The program includes required core courses which are complimented with five advanced courses selected by the student. The core includes a programming sequence, introductory courses in database and security, and fundamental courses in computer networking and system administration.

Advanced courses

Students choose five of the following courses:

4050-403 Wireless Network Concepts
4050-422 System Administration II
4050-423 System Administration III
4050-519 Network Troubleshooting
4050-521 Perl for System Administration
4050-530 Telephony Integration
4050-550 VoIP Security and QoS
4050-540 Network Design and Performance
4050-545 Advanced Routing and Switching
4050-582 Wireless Ad-Hoc/Sensor Networks

Semester conversion
Effective fall 2013, RIT will convert its academic calendar from quarters to semesters. Each program and its associated courses have been sent to the New York State Department of Education for approval of the semester plan. For reference, the following charts illustrate the typical course sequence for this program in both quarters and semesters. Students should consult their academic advisers with questions regarding planning and course selection.

Program title change
Effective fall 2013, the applied networking and system administration program will be renamed networking and systems adminstration. This change will not affect currently matriculated students.

Applied networking and system administration, BS degree, typical course sequence (quarters)

Course Qtr. Cr. Hrs.
First Year
4050-202 Introduction to Unix/Linux 1
4002-208, 210, 4050-212 C++ Programming Sequence 12
4050-220 Cyber Self-Defense 4
4050-350 Computer System Fundamentals 4
4050-351 Networking Fundamentals 4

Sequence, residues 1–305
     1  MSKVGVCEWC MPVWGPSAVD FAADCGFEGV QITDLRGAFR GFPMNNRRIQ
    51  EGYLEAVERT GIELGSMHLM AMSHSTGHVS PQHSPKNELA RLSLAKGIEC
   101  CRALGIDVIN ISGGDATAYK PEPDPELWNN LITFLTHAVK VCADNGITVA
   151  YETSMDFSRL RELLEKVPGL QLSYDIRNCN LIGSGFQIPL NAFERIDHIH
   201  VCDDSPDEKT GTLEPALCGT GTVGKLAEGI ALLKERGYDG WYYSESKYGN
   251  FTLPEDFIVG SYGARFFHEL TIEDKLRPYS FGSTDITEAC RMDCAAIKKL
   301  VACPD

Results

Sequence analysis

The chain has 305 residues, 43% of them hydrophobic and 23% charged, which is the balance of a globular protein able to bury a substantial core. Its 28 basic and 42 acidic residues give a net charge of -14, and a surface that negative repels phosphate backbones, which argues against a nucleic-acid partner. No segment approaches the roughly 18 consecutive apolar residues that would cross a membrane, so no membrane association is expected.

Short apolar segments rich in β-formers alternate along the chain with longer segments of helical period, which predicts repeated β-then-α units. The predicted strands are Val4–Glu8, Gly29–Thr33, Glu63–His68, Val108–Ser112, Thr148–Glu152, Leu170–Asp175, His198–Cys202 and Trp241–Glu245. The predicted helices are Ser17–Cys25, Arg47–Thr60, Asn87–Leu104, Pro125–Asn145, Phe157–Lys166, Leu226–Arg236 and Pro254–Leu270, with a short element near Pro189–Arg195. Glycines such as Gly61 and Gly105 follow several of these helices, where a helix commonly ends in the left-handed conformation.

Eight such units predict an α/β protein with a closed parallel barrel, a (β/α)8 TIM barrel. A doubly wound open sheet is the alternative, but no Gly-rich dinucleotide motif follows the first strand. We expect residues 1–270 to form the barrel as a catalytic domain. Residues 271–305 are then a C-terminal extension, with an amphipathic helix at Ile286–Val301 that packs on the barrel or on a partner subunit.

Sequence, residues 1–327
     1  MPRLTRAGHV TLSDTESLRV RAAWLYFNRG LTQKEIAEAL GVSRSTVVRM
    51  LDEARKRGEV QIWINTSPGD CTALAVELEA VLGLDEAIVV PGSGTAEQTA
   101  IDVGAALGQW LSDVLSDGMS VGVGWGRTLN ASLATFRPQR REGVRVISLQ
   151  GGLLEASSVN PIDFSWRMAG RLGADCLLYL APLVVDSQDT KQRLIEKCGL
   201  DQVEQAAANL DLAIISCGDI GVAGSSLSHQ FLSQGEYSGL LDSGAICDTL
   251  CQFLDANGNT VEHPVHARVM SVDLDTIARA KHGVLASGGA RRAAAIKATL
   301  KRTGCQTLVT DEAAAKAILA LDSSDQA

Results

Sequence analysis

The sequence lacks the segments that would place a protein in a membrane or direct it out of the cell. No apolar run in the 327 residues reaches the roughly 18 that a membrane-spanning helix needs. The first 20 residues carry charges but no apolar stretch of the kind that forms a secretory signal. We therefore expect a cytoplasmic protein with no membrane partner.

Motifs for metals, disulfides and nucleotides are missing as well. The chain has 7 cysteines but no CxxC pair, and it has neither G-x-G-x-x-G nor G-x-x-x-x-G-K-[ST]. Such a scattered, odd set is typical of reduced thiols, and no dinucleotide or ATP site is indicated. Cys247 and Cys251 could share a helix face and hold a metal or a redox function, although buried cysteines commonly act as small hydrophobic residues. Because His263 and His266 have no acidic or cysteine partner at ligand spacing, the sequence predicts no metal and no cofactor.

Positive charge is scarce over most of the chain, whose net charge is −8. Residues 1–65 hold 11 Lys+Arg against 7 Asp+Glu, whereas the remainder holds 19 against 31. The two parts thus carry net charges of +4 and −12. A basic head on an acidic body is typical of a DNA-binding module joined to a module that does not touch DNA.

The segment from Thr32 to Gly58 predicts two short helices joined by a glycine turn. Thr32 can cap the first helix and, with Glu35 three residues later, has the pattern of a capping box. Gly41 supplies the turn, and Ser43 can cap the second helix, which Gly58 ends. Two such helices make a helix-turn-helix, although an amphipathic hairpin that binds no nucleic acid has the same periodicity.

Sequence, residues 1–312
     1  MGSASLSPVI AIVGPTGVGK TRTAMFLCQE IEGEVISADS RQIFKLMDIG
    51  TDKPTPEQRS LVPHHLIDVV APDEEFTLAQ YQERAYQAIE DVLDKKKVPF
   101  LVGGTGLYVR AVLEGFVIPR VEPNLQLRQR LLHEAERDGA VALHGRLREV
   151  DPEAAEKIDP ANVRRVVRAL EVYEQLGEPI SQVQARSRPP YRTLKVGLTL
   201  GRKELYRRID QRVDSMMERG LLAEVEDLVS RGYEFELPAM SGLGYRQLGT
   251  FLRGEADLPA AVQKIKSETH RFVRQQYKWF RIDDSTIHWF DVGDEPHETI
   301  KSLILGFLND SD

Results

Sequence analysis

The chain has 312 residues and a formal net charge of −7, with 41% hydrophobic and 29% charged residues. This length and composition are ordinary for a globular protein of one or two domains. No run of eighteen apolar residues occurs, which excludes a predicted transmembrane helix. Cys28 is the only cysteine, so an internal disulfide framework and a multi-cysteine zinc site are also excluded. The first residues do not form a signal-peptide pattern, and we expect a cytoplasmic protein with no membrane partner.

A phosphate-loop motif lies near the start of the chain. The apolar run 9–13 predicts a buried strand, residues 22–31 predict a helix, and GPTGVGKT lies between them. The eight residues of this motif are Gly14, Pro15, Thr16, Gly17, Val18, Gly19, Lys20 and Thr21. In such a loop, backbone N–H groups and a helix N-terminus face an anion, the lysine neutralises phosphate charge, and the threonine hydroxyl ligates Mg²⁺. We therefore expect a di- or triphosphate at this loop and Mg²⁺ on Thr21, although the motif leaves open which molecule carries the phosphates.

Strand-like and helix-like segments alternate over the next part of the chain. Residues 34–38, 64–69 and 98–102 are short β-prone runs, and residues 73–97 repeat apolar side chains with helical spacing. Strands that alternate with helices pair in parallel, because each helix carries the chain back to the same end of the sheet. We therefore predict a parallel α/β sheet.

1016-204 College Algebra 4
1016-205, 206 Discrete Math for Technologists I, II 8
  Liberal Arts* 12
1105-051, 052 First-Year Enrichment 2
4050-203 Co-op Preparation Seminar 1
Second Year
4050-302 Scripting in Perl 4
4050-515 Introduction to Routing and Switching 4
4050-421 System Administration I 4
4050-413 Application of Wireless Networks 4
4002-360 Introduction to Database and Data Modeling 4
1016-319 Data Analysis 4
  Lab Science Electives 8
  Liberal Arts* 12
Third and Fourth Years
  Cooperative Education§ Co-op
4050-516 Network Services 4
4002-455 Needs Assessment 4
4002-460 Technology Transfer 4
  Advanced Track Courses‡ 20
  Liberal Arts* 12
  Free Electives 20
  General Education Electives 14
  Communication Elective 4
  Wellness Education† 0
Total Quarter Credit Hours 182

* Please see Liberal Arts General Education Requirement for more information.

† Please see Wellness Education Requirement for more information.

‡ A five-course advanced work track is required.

§ Three quarters of cooperative education are required after completion of the second year.

Networking and systems administration, BS degree, typical course sequence (semesters), effective fall 2013